The refugee crisis: a call for a change of course in Europe and in Germany
The refugee crisis has turned into a crucial test for European politics. The goal of friendly cooperation in a Europe of diversity is currently being crushed between national egoism and an inhumane closed door policy. Germany too faces an enormous challenge that is unsettling many people and cannot be successfully met unless our political leaders act courageously and determinedly to effect a change of course. However, since the will and strength required to do have so far been lacking, an atmosphere is developing in which anxieties are being converted into fears – fears of excessive demands on resources, of being overwhelmed by immigrants and of unfair advantages. This stoking up of fears is helping to buoy up backward-looking, xenophobic, ethno-racialist and nationalist parties in Germany and other European countries.
We cannot extricate ourselves from this political cul-de-sac unless we see the refugee crisis as a call for action. It has suddenly dragged the political mistakes and failures of the past into the spotlight. The unwillingness to show solidarity and to work together in Europe is the result of the path the European Union has been treading for years, one that has forced member states into competition with each other and created divisions between the stronger and the weaker. The European mansion lacks a social and solidaristic foundation. And in Germany it is becoming clear how utterly wrong it is rigidly to adhere to a policy that attaches greater importance to a fully balanced budget than to building a sustainable body politic. The refugee crisis is a stark reminder of just how overdue a radical change of political direction is.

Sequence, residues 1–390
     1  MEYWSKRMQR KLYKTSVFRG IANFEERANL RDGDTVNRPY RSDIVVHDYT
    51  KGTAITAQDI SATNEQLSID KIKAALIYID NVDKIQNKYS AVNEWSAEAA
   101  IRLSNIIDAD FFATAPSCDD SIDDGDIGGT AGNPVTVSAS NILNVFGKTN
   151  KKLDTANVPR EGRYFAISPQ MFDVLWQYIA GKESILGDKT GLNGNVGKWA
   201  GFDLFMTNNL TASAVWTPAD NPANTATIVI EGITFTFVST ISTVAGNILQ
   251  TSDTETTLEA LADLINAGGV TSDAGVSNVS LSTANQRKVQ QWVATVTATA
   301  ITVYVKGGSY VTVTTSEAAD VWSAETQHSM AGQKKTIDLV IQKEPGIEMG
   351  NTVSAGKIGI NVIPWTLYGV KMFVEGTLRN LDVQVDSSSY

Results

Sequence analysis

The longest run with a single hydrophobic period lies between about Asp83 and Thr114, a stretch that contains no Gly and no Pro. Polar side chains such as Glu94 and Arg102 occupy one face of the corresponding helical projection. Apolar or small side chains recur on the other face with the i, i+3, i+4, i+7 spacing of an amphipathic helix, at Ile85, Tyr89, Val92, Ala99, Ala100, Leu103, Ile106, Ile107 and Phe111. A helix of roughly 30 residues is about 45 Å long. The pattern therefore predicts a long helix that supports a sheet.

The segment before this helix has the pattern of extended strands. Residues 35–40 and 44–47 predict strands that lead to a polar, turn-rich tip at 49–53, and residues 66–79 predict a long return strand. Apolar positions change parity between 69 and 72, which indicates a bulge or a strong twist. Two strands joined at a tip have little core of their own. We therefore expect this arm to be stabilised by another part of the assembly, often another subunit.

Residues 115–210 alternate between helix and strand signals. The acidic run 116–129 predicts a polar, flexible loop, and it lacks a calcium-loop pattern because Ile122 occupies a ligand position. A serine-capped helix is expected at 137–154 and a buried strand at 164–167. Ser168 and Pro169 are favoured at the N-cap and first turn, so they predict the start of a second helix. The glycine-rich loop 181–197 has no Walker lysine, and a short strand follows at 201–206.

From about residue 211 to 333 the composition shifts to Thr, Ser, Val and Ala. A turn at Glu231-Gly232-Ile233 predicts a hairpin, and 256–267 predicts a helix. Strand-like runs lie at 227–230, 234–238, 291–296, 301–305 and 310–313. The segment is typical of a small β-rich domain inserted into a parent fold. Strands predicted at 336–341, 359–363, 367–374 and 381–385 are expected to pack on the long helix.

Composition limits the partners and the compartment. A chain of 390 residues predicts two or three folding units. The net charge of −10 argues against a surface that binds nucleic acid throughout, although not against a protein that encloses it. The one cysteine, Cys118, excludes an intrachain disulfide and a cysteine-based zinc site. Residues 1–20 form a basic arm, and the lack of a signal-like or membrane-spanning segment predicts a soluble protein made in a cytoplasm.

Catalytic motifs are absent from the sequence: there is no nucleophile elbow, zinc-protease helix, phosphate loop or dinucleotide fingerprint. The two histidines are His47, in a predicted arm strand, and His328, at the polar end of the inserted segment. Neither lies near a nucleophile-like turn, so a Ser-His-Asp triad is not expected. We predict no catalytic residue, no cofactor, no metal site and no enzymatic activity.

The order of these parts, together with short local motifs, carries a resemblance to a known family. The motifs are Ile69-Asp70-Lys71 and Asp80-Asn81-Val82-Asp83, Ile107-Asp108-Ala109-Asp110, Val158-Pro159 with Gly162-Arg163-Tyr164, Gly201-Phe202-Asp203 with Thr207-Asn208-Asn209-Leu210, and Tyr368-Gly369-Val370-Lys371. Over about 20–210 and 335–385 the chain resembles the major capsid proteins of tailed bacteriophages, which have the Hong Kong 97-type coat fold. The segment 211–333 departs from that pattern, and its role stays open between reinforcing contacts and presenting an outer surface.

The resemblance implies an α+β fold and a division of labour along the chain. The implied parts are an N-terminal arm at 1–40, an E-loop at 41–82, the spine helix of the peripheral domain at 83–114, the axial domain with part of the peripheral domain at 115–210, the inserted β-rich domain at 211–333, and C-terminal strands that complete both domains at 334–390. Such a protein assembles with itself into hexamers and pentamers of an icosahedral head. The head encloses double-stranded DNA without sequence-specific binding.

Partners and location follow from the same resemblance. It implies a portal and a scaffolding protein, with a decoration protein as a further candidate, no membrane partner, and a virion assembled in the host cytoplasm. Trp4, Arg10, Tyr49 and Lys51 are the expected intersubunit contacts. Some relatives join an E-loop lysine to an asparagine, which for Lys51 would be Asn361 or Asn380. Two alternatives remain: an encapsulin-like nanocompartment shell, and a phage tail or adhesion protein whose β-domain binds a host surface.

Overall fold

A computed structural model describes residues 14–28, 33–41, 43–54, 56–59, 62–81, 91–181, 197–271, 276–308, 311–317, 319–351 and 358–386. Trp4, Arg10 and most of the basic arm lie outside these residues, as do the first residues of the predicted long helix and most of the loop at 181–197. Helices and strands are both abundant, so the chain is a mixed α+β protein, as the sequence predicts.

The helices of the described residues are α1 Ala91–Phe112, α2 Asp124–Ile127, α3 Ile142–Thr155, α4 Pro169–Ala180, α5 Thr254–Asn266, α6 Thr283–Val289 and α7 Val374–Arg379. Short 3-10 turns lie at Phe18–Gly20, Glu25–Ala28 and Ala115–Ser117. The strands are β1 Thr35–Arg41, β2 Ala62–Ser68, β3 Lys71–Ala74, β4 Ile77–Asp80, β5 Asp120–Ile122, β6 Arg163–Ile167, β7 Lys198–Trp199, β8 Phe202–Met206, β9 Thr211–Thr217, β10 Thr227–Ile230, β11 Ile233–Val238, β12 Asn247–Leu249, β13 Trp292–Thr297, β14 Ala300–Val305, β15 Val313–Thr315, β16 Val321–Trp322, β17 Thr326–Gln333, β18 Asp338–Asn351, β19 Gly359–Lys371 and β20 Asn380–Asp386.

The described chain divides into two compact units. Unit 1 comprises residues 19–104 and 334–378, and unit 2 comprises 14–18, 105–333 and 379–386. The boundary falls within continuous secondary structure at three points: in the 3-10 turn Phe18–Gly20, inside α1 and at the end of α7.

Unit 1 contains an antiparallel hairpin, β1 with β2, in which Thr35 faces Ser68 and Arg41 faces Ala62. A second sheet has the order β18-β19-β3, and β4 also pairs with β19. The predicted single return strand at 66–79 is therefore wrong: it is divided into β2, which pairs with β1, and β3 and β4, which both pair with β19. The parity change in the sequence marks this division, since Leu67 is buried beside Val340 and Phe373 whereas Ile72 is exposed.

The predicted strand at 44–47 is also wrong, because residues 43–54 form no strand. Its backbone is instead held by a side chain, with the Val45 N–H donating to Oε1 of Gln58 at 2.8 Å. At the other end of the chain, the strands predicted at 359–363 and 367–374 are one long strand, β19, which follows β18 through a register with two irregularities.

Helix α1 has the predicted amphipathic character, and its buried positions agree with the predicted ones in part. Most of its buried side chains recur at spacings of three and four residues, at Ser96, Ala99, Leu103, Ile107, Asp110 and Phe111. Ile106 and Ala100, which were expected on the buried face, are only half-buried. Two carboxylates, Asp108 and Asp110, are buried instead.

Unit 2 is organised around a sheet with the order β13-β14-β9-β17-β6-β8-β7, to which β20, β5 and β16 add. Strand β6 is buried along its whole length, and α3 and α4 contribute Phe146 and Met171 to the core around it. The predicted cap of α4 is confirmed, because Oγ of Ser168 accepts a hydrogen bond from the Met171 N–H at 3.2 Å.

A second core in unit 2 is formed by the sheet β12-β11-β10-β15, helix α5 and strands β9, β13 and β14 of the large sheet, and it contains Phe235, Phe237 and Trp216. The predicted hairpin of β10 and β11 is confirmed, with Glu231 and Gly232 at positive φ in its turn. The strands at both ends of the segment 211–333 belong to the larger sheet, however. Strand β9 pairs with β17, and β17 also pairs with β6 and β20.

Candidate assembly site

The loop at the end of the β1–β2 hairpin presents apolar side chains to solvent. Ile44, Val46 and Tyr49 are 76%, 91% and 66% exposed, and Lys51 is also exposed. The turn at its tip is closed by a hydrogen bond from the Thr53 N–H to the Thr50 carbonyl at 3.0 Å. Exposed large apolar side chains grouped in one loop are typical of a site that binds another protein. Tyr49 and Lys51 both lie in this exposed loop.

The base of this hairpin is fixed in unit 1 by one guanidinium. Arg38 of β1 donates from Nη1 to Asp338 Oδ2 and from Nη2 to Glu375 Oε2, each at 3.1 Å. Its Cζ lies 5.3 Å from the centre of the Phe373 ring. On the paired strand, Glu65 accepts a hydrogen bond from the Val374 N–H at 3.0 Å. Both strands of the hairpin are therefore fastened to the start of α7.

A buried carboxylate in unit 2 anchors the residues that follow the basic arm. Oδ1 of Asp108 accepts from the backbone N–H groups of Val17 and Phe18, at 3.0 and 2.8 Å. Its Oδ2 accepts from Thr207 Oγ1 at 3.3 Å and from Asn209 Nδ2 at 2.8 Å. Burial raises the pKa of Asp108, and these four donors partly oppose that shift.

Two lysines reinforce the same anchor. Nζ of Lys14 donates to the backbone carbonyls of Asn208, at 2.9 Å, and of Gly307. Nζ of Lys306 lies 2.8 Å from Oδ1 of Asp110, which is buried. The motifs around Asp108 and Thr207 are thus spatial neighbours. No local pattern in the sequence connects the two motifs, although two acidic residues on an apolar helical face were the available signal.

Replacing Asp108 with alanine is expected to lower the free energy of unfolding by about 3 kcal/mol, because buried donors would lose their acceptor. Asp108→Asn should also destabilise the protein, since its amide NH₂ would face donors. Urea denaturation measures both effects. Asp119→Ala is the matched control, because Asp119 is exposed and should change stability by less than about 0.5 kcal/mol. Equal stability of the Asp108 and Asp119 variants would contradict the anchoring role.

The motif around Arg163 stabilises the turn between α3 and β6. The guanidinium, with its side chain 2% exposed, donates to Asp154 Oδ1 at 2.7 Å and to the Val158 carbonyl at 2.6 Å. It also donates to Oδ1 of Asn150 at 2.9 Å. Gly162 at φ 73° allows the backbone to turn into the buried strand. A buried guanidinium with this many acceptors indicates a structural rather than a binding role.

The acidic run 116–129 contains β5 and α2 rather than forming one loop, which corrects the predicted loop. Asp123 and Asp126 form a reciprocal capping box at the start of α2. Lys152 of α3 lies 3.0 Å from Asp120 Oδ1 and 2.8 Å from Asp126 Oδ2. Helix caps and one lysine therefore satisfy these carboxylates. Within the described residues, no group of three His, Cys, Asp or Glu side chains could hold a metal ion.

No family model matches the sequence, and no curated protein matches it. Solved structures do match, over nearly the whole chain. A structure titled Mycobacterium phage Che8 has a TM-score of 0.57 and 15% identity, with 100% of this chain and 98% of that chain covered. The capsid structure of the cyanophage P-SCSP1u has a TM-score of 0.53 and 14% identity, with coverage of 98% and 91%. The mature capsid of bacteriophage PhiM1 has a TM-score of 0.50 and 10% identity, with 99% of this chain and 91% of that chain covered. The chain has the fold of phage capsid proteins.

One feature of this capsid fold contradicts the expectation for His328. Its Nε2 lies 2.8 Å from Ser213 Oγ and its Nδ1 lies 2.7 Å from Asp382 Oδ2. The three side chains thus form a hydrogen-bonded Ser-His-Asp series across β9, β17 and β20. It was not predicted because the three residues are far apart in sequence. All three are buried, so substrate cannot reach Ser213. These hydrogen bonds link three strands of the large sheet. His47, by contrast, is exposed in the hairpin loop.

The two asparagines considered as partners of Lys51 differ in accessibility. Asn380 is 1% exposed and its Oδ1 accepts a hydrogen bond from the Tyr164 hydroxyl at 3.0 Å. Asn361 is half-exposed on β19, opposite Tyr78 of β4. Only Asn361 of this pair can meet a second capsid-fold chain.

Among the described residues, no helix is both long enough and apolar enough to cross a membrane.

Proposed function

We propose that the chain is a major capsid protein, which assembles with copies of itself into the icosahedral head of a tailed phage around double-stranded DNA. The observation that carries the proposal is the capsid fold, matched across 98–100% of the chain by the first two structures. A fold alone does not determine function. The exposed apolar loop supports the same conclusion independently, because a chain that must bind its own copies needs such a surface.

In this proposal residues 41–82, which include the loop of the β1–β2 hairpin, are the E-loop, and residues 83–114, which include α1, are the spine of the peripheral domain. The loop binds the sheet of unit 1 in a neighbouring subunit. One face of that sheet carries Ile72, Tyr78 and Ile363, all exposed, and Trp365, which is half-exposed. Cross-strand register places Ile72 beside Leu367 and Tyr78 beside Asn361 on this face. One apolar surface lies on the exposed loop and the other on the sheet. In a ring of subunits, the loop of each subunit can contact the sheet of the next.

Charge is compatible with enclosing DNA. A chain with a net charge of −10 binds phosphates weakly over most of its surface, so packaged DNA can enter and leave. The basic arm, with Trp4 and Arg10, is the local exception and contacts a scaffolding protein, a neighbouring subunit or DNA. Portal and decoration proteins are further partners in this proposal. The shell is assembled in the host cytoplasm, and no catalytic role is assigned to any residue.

Bridges not walls
The change of direction must begin with an immediate large-scale humanitarian action programme in Europe. People fleeing war and misery must no longer be forced to make their way to Europe because of the shameful underfunding of the UN relief agency. They need access in their own regions to means of subsistence, to education and to paid work. At the same time, orderly escape routes and legal arrangements for entry into Europe must be put in place in close cooperation with the UN. The European Union must not erect bulwarks against people fleeing persecution and terror bombing, regardless of what country they come from. Europe will founder, both politically and morally, if it does so. Politically, Europe will be unable to resolve its problems unless it faces up to its own responsibility for combating the causes of migration and does not make itself dependent on governments like that in Turkey. And morally, any attempt to erect barriers in contravention of international law will simply be to tread European values underfoot. The UN Refugee Convention and the basic right to asylum are inviolable!
Break out of the dead end of austerity